Yes its begun again - its been happening every four years since 1930
World Cup Fever is alive and well - lots of history to be seen here
My Dad and my brother were/are great fans, one of my Irish cousins played for Manchester United in the 1970's, one of my nephews did a lot of training with Sheffield United and our eldest son is a huge fan of Ipswich (Town FC). He was over 11 when we migrated to Australia from England so by then the soccer/football bug was well and truly entrenched into his mindset.
Must say Dh isn't as fanatical these days as he has been. I clearly remember 1966 - we were living in Singapore at the time - and their TV broadcasts were mainly in Chinese but we just 'had' to hire one so he could watch as many of that years world cup games as possible.
Now he says he won't go out of his way to watch any of this years games but did turn the TV on this morning to catch up on the South Africa v Mexico game and this is only day 1 so I don't know what to expect over the next few weeks lol
I think my dislike of the game started when I was quite young - Dad did 'the pools' each week, putting a cross in some of the boxes and paying his money to the man who came round door to door on a Thursday.
A football pool, often collectively referred to as "the pools", is a betting pool based on predicting the outcome of top-level association football matches set to take place in the coming week
Come 5pm on a Saturday afternoon during the season the radio would go on and BBC Sports Report would start and then the Classified Football Results would be broadcast.
I can still remember hearing the man who read out those results going on and on - from League Division 1 all the way through the minor leagues and Scottish leagues as well. Weird and wonderful team names, places you'd never heard of but if they had a football team of note the score from their game for that week got a mention.
To make sure he heard all the results and was able to mark them off correctly in the chart printed in the paper and then check his pools to see if we were going to become millionaires Dad needed complete silence in the room - Ha Ha - not going to happen when Catherine is around lol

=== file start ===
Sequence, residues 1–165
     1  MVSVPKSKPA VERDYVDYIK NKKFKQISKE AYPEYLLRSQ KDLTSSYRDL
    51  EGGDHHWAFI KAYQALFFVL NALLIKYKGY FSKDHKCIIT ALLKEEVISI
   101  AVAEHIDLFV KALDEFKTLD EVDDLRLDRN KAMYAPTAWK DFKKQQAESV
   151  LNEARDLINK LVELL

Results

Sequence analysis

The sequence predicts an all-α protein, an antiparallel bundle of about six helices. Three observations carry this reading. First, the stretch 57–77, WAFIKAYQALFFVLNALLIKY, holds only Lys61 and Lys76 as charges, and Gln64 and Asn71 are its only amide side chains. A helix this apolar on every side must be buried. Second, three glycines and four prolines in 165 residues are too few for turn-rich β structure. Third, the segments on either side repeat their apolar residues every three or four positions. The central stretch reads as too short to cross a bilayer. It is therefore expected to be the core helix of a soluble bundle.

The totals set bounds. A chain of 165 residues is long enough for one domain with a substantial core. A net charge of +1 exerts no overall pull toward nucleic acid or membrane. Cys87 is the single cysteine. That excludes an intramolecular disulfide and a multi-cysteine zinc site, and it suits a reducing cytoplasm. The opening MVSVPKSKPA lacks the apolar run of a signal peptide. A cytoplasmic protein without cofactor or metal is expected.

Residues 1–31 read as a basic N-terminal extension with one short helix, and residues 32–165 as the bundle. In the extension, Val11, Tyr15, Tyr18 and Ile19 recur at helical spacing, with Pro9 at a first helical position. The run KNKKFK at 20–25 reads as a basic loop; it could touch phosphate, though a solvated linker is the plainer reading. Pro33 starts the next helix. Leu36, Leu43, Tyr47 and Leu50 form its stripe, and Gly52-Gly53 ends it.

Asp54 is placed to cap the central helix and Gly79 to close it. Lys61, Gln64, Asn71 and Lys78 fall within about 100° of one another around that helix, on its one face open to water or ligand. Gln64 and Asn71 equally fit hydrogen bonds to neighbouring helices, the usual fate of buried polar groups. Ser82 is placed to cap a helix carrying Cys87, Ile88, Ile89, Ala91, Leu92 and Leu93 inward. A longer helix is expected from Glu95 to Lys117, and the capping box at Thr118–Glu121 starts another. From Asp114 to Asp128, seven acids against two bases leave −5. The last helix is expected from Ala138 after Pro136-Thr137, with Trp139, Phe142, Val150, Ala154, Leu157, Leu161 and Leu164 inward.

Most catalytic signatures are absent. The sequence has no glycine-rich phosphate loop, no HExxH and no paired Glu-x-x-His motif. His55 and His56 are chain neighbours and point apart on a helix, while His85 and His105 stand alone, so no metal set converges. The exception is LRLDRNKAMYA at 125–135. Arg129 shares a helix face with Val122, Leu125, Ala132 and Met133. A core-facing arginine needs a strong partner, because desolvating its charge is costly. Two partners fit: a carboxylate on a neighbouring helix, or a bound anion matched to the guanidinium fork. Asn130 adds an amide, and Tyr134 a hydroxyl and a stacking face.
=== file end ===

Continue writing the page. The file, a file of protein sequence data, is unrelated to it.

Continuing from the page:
I even loathed the music that was played at the beginning and each Saturday when I heard it I promised myself I would not speak but failed miserably each time and boy, did my Dad have a temper.
Football is a winter sport and winter in England can be cold and back in the 1950's we only had a coal fire in the living room of our house - bedrooms were not heated and I was sent to that freezing bedroom more times than I like to remember:(
Its only recently when some friends were talking about associating music with feelings that I thought about trying to locate that music on the Internet.
Well it seems that the cause of all my worries it is a march called 'Out of the Blue' composed by Hubert Bath.
"De dum, de dum, de dum, de dum, de diddly dum de dum". It's one of the most instantly recognisable theme tunes in all of British broadcasting, and a throwback to the traditional, bombastic style of BBC signature tunes that has somehow survived into the digital age.
The Sports Report introductory music is a march called "Out of the Blue" by the British composer Hubert Bath, played by the Central Band of the RAF. It was chosen by the programme's first producer, Angus Mackay, from the BBC record library. It was an instant hit with listeners, many of whom wrote in for the sheet music.
Sorry but I have to give you a link as I can't fathom out how to put you tube thingys in my blog.
Do click on the link and listen to Out of the Blue by Hubert Bath - now how could a lively march like that give me such bad feelings
I have no idea - but even hearing it again now makes me feel sick inside.